We were introduced to Malika while working with UNFPA/UNICEF on a collaborative film project focused on ending the practice of FGM (Female Genital Mutilation). Malika, featured in our film True Story. Malika had experienced one of the worst forms of FGM – infibulation. Infibulation involves the removal of the clitoris, the labia minor, and parts of the labia majora, which are then pulled together with thorns and thread, leaving a small vaginal opening that must serve to pass urine and menstrual fluid.
We met Malika in her debora (a style of housing in Afar, Ethiopia). The interior of her dwelling was in total darkness due to the coverage of straw matting. We asked Malika for her permission to remove some of the straw matting so that we might see her and her baby and to bring some light into the home.
As the light filtered through the straw matting, we saw Malika lying prostrate on a mat, while her mother, using her own breast as a dummy, comforted Malika’s baby daughter.
Malika's mother comforts her granddaughter
Due to Malika being infibulated, the injuries she suffered on her wedding night were extreme. When she became pregnant, she had little or no antenatal care. Had Malika received antenatal care she would have learned that due to her being infibulated she had a high risk of facing an obstructed labor and birth and would have been recommended to give birth with a midwife at a health centre.
Malika delivered in her hut with a traditional birth attendant. Her prolonged and obstructed labour led to an anal and vaginal obstetric fistula, leaving her constantly leaking feces and urine. She was fortunate that her daughter survived.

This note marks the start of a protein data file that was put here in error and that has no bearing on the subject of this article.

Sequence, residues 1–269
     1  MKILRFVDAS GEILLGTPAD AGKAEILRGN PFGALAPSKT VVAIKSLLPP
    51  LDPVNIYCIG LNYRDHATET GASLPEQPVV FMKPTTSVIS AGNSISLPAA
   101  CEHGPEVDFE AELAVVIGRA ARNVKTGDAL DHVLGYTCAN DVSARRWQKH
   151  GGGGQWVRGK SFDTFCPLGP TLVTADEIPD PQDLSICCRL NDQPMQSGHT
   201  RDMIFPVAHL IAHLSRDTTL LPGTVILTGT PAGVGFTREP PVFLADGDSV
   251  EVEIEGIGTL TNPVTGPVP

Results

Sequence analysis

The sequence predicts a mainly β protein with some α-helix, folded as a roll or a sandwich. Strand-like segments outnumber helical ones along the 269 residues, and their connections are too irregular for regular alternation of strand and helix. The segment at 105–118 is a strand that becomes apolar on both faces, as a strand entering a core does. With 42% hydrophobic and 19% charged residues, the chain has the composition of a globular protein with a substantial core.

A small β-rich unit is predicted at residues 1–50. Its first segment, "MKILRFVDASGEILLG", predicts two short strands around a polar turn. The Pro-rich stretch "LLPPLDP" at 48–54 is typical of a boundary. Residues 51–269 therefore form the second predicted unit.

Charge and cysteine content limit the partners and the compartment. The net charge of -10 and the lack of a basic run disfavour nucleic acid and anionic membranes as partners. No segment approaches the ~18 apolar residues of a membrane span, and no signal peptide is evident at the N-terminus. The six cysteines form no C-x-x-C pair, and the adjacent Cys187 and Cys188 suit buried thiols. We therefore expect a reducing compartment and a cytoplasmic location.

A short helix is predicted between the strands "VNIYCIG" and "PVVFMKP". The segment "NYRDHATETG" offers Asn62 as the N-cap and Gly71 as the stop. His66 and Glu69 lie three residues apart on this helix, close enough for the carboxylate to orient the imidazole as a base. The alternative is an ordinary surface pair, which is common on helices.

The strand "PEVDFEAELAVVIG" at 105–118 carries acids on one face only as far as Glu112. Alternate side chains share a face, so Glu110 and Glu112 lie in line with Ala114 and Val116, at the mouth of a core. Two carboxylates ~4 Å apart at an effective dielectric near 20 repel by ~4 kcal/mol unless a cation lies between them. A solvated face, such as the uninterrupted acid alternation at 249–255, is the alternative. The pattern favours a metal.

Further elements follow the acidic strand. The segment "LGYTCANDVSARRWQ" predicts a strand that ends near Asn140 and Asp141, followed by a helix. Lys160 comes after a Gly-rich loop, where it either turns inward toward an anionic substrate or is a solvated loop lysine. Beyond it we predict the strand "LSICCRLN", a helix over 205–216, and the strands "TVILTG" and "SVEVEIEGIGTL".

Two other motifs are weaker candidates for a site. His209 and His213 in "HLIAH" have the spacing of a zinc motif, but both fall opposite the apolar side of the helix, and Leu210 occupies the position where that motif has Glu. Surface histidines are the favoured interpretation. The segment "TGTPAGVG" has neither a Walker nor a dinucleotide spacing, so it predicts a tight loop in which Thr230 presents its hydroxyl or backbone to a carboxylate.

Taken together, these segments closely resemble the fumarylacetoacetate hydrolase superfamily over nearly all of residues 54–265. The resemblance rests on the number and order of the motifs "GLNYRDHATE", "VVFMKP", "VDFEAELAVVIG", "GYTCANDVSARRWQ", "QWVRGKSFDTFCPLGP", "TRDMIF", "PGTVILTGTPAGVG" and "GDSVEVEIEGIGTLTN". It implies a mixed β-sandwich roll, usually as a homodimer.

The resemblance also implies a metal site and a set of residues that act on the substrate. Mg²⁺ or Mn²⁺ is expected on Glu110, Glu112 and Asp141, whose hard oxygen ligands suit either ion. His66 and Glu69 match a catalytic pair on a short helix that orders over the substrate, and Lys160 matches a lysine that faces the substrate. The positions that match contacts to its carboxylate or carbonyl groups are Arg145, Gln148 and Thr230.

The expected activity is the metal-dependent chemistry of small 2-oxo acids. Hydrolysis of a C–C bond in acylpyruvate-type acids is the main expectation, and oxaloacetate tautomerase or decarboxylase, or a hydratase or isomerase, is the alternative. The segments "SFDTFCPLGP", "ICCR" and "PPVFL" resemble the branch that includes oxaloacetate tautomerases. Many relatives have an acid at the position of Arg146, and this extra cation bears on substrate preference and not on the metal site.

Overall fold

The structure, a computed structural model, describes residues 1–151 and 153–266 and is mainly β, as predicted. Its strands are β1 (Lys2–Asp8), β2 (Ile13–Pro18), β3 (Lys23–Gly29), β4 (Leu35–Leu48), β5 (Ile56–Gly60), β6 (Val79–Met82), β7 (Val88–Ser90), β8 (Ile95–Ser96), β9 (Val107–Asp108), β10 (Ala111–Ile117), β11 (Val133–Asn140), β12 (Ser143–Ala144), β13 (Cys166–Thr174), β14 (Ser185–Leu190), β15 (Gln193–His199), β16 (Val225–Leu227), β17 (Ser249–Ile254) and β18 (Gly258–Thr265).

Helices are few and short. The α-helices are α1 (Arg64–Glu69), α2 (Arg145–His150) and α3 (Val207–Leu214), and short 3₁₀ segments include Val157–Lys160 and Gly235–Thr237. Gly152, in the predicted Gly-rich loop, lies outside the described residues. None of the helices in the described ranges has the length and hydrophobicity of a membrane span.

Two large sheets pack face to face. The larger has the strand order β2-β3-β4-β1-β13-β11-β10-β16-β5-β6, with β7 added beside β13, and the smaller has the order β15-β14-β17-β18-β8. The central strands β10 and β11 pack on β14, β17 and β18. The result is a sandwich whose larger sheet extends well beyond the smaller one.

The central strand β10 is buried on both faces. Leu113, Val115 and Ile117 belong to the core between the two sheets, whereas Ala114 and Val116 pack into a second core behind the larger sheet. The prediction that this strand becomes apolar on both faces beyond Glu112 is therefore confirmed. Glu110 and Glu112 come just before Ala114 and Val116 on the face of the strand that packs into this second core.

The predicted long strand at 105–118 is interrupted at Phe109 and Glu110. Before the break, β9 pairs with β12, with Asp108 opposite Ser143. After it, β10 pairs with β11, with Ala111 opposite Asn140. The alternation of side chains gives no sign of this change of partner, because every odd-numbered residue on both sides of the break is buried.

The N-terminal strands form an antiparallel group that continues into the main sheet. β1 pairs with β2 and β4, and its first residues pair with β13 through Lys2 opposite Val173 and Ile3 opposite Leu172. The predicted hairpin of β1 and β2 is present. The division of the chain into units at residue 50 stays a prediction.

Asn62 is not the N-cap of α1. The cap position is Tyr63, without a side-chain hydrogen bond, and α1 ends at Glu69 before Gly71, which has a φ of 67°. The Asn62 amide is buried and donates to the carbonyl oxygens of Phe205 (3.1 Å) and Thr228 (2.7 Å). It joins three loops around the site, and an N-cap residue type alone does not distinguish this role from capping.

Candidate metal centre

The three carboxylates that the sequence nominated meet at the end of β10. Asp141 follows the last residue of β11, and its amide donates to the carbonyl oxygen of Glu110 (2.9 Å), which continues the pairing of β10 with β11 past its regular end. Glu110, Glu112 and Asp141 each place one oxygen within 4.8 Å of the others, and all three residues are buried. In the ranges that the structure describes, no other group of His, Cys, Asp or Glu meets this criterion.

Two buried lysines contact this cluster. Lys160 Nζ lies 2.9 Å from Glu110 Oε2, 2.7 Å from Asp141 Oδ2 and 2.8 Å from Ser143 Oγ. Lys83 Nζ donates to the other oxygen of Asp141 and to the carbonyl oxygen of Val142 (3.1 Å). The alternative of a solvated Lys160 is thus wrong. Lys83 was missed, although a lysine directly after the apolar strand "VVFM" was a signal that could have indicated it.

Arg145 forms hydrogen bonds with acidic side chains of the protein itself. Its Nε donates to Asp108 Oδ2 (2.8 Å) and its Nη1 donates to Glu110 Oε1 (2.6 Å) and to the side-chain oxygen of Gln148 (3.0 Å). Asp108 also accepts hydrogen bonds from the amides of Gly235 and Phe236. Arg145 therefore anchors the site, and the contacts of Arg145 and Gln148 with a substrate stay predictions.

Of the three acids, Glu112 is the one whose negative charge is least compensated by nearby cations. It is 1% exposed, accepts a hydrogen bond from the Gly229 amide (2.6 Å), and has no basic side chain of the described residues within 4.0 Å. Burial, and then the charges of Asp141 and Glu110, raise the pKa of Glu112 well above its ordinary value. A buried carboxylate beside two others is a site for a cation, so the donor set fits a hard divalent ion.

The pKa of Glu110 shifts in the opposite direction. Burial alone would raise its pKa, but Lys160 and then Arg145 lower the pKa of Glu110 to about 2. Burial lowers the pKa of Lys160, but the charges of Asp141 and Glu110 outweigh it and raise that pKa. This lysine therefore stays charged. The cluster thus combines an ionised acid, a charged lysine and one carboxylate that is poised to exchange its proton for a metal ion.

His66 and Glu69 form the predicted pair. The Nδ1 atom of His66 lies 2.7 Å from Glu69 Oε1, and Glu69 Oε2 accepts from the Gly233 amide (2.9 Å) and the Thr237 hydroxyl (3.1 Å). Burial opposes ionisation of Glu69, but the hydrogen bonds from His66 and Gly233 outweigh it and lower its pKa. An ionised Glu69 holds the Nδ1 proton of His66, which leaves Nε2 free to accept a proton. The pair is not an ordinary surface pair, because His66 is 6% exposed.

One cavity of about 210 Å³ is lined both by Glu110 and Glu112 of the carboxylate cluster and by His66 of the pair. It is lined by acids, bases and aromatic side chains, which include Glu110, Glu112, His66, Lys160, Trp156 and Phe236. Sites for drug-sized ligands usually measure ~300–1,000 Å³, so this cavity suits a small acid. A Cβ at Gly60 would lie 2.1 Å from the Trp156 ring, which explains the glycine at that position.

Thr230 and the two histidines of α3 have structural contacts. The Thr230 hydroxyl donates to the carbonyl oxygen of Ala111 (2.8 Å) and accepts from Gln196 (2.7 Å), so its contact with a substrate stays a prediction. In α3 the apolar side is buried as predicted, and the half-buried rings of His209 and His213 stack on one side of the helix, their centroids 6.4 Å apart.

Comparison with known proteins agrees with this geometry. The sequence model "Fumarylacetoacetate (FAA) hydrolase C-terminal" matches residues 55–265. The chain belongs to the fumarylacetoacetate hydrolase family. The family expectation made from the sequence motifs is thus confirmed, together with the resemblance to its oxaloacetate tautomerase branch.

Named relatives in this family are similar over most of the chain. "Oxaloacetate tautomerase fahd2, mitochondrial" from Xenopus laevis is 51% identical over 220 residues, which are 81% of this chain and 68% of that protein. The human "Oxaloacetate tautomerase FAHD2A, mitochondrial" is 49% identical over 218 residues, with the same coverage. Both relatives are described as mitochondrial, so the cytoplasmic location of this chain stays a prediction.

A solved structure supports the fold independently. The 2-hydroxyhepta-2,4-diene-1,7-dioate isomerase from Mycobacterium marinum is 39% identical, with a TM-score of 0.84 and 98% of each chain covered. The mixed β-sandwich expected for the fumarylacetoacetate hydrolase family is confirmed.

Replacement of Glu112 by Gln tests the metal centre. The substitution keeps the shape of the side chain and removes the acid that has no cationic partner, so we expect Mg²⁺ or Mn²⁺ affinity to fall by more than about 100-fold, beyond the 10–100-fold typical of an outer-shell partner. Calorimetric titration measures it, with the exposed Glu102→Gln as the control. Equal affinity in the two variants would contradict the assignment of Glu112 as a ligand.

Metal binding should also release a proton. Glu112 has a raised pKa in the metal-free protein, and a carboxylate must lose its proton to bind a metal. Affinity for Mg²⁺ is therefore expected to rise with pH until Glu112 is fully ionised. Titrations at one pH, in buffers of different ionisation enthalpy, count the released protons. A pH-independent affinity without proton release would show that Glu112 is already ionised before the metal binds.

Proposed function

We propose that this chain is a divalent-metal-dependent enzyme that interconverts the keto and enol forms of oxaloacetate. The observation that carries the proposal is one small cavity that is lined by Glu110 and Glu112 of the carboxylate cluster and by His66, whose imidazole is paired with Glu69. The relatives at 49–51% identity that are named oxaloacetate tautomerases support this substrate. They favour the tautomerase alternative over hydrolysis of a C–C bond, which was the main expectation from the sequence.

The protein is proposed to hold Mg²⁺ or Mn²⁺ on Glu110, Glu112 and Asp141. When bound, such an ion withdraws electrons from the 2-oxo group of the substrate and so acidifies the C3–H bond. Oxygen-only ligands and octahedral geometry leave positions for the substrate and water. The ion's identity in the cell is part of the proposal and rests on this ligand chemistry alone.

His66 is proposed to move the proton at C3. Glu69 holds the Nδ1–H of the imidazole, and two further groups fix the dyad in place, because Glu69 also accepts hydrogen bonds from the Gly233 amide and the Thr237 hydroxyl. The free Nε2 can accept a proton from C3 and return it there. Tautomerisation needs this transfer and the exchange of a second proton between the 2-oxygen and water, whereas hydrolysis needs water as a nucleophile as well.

Malika with her baby daughter
More than 75% of women and young girls with obstetric fistula have endured labor that lasted three days or more. Often, women with fistula injuries are rejected by their husbands and community, due to their foul smell and incontinence. Unfortunately, this is precisely what happened in Malika’s case.
Confined to her small house, unable to move properly due to her condition, she lay on her mat day after day, until her muscles atrophied. She now has trouble walking, and uses straps placed in her home to lift herself up to attend to her daughter.
Malika told us that she considers herself a “dead woman” and that she would never contemplate circumcising her daughter after what she experienced.
Upon hearing Malika’s story, we asked our translator and local health worker if there was anything that could be done to help Malika’s situation. The health worker said she might be able to speak with the local clan leader, Ware Musa.
The same day, our health worker was able to speak to Ware Musa, who said he had heard of Malika and knew it was a very serious case. The health worker explained that although her injuries were severe, she could be taken to a Hamlin Fistula Hospital in Addis Ababa for assessment and surgery that would change her life.
The next morning, we were working at the local health centre, and were overjoyed to see Ware Musa there, who had brought in Malika, her baby and her mother to be assessed and hopefully begin the long journey to Addis Ababa. It was heart warming to see patients and staff at this rural health centre passing a tin donation cup around and hearing the clink of coins in aid of helping Malika with the cost of her journey ahead.
We would like to visit Malika the next time we are in the Afar region, but until then, we trust that Malika made it to Addis Ababa and received the life changing surgery that would give her back her dignity.